As Supreme Court Justice Frankfurter’s daughter, she likely had more confidence than other women of her era, but since she was recognized nationally almost immediately after college and the affirmation continued, it was clearly her talent and hard work that took her forward.
Donna Hamil Talman










left and right by Dawn DeDeaux

below, Broken But Still Strong, by Lonnie Holley


Art out of trash was a strange but appealing approach. He broke rules and, having been raised to follow rules, his work encouraged me to break rules too.    In this exhibition his art was imprinted on glass or plastic, completely removing the key element of texture. The art still had appeal but was much less potent.                                                                                          Donna Hamil Talman

In a big big room next to the Rauschenberg space Dawn DeDeaux and Lonnie Holley, “two phoenixes rising from the ashes” who attend Rauschenber’s residence program in Captiva, FL, were both born in 1950 in the South, a white woman and a Black man. I loved loved loved their assemblages and installations using found and made objects – the nitty gritty stuff of life.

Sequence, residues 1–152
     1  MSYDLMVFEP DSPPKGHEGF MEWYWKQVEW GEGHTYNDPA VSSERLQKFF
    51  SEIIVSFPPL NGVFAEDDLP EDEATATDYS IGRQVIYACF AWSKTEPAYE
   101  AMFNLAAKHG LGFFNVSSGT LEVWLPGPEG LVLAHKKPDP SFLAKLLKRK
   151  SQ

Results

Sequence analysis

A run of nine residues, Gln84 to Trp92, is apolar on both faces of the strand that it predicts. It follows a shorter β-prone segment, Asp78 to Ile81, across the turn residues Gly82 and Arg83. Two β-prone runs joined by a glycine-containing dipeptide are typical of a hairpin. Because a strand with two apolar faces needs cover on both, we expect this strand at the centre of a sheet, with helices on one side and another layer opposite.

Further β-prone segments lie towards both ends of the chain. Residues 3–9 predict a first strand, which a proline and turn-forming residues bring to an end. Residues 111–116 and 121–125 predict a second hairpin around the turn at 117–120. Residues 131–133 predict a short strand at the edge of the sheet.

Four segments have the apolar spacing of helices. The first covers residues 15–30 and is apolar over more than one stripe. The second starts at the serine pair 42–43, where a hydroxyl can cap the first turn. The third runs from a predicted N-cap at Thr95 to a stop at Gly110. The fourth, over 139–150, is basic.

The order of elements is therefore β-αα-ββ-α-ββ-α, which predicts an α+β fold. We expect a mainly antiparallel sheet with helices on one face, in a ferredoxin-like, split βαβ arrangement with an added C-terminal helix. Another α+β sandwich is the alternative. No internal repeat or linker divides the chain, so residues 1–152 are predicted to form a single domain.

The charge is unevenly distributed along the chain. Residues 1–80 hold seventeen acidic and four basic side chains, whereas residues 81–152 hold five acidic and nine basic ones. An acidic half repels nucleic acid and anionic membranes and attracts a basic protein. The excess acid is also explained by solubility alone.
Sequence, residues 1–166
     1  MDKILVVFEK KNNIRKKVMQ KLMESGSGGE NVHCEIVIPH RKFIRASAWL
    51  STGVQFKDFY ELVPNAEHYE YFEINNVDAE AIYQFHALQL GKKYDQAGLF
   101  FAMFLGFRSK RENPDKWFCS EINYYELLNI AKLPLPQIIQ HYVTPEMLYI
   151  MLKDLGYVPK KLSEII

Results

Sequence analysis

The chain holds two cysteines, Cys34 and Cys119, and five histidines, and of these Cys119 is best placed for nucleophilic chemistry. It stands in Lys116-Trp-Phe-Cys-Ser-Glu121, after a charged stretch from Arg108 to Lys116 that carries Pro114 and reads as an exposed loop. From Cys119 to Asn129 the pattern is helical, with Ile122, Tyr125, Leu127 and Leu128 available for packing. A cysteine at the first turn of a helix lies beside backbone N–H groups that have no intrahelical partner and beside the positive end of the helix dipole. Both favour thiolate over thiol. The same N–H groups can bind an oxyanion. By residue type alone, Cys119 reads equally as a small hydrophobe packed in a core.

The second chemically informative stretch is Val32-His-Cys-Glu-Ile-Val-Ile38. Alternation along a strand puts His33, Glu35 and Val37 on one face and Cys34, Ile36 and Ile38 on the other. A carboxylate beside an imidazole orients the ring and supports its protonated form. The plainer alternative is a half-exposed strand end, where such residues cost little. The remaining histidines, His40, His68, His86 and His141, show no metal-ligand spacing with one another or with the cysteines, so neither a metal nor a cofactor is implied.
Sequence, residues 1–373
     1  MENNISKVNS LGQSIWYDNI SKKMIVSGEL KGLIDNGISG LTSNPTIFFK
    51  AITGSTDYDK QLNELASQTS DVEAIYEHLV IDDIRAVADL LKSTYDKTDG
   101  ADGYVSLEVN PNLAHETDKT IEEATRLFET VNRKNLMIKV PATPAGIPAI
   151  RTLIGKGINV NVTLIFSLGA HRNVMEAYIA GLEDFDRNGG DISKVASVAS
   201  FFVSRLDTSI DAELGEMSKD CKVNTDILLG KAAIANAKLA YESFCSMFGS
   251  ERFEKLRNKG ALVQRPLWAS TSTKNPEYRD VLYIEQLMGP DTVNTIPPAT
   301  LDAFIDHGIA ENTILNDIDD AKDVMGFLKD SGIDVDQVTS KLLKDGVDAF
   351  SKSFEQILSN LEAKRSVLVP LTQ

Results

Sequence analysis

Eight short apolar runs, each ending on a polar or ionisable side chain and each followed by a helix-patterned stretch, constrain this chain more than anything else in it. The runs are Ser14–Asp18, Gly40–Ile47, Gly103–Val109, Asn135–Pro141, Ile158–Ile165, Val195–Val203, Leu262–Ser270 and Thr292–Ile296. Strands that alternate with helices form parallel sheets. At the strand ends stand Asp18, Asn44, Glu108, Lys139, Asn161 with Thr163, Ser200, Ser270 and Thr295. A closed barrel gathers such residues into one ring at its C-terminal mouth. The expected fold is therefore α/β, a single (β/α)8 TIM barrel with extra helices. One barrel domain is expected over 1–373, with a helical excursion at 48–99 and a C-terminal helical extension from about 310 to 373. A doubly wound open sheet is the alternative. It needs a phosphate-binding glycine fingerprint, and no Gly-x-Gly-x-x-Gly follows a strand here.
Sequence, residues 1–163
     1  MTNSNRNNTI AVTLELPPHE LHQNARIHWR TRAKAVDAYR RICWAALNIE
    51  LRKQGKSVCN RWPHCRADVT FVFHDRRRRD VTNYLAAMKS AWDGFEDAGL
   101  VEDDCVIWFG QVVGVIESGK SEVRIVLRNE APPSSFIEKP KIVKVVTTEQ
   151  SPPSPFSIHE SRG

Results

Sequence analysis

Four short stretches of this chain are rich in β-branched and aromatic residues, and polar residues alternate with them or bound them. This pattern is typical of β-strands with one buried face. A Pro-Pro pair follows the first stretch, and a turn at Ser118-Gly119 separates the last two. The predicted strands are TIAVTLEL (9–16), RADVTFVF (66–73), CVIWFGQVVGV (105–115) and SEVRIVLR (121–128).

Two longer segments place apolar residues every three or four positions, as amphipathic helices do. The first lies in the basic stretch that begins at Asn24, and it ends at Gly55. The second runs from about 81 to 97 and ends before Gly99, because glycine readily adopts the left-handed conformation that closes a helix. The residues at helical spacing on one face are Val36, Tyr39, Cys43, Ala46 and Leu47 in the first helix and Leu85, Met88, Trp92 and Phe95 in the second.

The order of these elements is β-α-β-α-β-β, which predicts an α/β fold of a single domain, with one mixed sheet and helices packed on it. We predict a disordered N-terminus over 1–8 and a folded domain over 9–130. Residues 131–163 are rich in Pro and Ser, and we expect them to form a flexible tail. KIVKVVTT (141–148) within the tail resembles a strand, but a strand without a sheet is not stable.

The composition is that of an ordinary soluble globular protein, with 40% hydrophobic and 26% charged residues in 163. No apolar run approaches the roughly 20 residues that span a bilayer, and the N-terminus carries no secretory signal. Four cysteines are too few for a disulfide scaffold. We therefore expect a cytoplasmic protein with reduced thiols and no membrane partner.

Finally we found Turrell on a floor below. I saw his work in 2004 in Japan at the new Chichu Art Museum. MASS MoCA displays several different periods of his work, all well worth seeing. His art makes you see in a very special way, unlike any other art I know.

We missed a newly opened building with Anselm Kiefer; it was raining too hard and we were exhausted. We only had a half day there but a full day is better if you’ve got the stamina!                                                                                                                                                                                                                                                                              Sue Katz